There’s a pattern among the finance group at Austin, Texas-headquartered technology company SolarWinds. A handful of finance professionals have been with the company for over ten years. Group Vice President of Tax and Treasury Joe Ciccarello has nearly fourteen, and his tax and treasury leaders have both been with the company almost as long.
“I’m sure the company is the big seller for those folks, but I think if they didn’t like me, they would have left a long time ago,” Ciccarello says, laughing.
Ciccarello is soft-spoken and easy-going, but that shouldn’t fool you. Throughout his tenure at SolarWinds, the GVP has helped grow a company of two hundred people to thousands. He’s helped take the company public, then private, and then public again. He helped spin off a third of the organization during 2021, but that still isn’t the high point, at least according to Ciccarello.
His most lasting contribution to SolarWinds was back in 2008 in a small, subleased office space, when SolarWinds was just two hundred-odd people. Ciccarello sat with the CFO and members of the finance team, figuring out how they were going to make SolarWinds’s growth hopes into reality.
“These were big, overarching questions,” Ciccarello remembers. “How are we going to set up the organization? Where will we be setting up outside of the US? How do we set up all those entities and operations?”
Fourteen years later, SolarWinds software is used by virtually every Fortune 500 company and has international operations in eighteen countries. But after all the growth, the operating structure that Ciccarello helped build and put in place is still the same in many ways.
That’s foresight. That’s planning. And that’s why Ciccarello is still at SolarWinds all these years later.
The long-term mindset that the SolarWinds finance team has demonstrated can be inextricably linked to the 2021 spin-off of a third of the company into N-Able Inc. The cloud-based software provider was a huge transaction that few in-house accountants get a chance to tackle in their career.
N-Able accounted for a third of SolarWinds employees—a massive transition and evolution for any company. But Ciccarello says the planning his team did back in 2008 still found a way to prep for a move that wouldn’t be made until over a decade later.
“I’m proud to say I mindfully put structures in place along the way that anticipated that one day, we might need to sell or spin off businesses. If so, it could be done efficiently,” he explains. “Those structures were set up so we could carve out parts of the business without the effort that I’m sure other companies who have done this have gone through.”
The spin-off of N-Able has brought Ciccarello’s early planning full circle. With the company back to doing what it does best, SolarWinds is now operating more closely to the way it was designed before it grew and evolved several times over. Ciccarello is back to where he started but in a more highly elevated environment.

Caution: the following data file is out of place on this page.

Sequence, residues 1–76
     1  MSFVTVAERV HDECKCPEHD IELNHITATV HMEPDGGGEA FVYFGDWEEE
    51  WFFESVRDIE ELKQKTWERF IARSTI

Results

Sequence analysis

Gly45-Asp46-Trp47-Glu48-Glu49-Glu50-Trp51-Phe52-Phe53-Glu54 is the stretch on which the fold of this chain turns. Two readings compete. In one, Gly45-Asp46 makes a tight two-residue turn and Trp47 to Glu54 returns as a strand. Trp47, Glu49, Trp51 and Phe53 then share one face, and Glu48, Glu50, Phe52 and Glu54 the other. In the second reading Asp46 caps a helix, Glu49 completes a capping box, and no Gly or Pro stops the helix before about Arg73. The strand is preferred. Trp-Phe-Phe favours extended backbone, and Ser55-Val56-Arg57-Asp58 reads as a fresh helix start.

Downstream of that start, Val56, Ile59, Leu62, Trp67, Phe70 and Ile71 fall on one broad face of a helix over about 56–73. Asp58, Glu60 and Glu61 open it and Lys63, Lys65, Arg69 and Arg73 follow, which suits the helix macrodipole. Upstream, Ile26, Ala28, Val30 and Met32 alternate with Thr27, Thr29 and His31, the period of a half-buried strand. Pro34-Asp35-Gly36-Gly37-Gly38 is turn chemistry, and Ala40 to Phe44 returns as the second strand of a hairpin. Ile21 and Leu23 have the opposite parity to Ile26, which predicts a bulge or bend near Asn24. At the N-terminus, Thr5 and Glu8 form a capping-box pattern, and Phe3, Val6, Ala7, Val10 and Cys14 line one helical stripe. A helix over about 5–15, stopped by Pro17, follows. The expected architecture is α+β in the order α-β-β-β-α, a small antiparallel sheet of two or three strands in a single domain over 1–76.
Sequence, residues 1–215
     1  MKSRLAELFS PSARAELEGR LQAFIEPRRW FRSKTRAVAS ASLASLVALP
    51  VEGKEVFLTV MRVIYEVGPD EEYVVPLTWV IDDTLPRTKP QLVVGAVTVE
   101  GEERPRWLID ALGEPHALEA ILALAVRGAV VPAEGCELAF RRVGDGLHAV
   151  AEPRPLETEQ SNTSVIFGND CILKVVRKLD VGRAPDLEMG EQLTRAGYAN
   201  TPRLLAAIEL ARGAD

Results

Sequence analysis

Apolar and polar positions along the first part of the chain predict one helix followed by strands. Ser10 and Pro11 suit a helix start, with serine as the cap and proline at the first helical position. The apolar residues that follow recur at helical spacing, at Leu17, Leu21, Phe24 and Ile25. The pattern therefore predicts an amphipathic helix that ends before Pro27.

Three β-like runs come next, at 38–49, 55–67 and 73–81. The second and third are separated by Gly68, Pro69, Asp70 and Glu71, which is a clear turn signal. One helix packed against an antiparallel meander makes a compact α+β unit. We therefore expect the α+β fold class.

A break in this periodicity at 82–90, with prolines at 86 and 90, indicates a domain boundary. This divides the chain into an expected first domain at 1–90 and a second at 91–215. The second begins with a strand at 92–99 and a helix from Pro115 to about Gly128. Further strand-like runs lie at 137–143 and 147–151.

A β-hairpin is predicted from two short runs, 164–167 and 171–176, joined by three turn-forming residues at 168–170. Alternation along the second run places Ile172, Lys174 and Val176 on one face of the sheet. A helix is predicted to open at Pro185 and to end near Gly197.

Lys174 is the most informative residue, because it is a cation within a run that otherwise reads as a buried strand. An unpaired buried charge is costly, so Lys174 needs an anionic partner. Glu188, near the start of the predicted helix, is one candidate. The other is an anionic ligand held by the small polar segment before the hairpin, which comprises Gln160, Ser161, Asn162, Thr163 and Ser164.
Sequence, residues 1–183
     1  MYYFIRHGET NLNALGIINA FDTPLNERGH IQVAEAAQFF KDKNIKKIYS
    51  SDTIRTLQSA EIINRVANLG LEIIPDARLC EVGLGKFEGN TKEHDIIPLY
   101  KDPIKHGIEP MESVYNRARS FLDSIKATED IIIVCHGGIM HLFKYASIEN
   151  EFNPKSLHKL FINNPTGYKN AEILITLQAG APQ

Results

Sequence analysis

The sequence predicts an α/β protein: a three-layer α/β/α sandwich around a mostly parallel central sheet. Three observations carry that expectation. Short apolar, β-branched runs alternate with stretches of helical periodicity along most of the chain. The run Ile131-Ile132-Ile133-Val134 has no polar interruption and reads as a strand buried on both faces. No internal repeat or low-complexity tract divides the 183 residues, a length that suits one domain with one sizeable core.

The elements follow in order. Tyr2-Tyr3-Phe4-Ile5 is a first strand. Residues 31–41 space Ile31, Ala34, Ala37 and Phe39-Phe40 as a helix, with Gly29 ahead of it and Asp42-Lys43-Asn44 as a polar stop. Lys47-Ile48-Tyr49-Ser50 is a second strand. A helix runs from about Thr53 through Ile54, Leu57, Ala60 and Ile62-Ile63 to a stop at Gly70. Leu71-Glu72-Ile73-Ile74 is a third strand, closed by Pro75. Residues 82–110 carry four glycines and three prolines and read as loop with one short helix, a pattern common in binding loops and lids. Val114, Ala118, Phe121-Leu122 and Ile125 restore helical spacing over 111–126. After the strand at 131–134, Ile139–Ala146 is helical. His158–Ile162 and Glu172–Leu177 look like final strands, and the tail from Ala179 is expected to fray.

The long-term planning and mind for detail that Ciccarello goes hand in hand with his leadership style, which draws from his continued involvement in the sports. Ciccarello played soccer at the University of Louisville and has continued to play and coach all through the years. This year he’s serving as president of the high school soccer booster club for his sons’ team.
“I had great coaches and I had horrible coaches,” he says. “I’ve always tried to lead by example and listen to my teammates to assure them that their voice is being heard. Compassion and empathy can go a long way.”
Ciccarello’s emphasis on teamwork might offer some insight as to why his direct reports have been with him so long. The GVP understands that people who are happy, motivated, and feel heard will ultimately make their organization more successful.
During his time playing, Ciccarello said that public service was part of the responsibility of being on the team. The college student would put on soccer clinics for kids, and that sense of civic commitment obviously stuck with him. Much like his early work at SolarWinds, Ciccarello has helped create the financial foundation for several nonprofits.
“You need the people with the passion to do the charitable work, and then you need guys like me to be able to help them set up procedures, budgets, and frameworks,” Ciccarello says. “I’m just glad to be able to support great organizations in my own way, and I’m proud to have been able to do things for great causes.”
The coming year will be very similar to the last fourteen for Ciccarello in that there will be a whole new challenge he hasn’t seen before. It might be aiding SolarWinds R&D or sales teams in a new country or territory. It might be continuing to adapt to what it means to be at SolarWinds after a massive divestiture.
Regardless, Ciccarello says his finance team is one of the best he’s ever seen, and it’s ready for whatever the wind may blow in.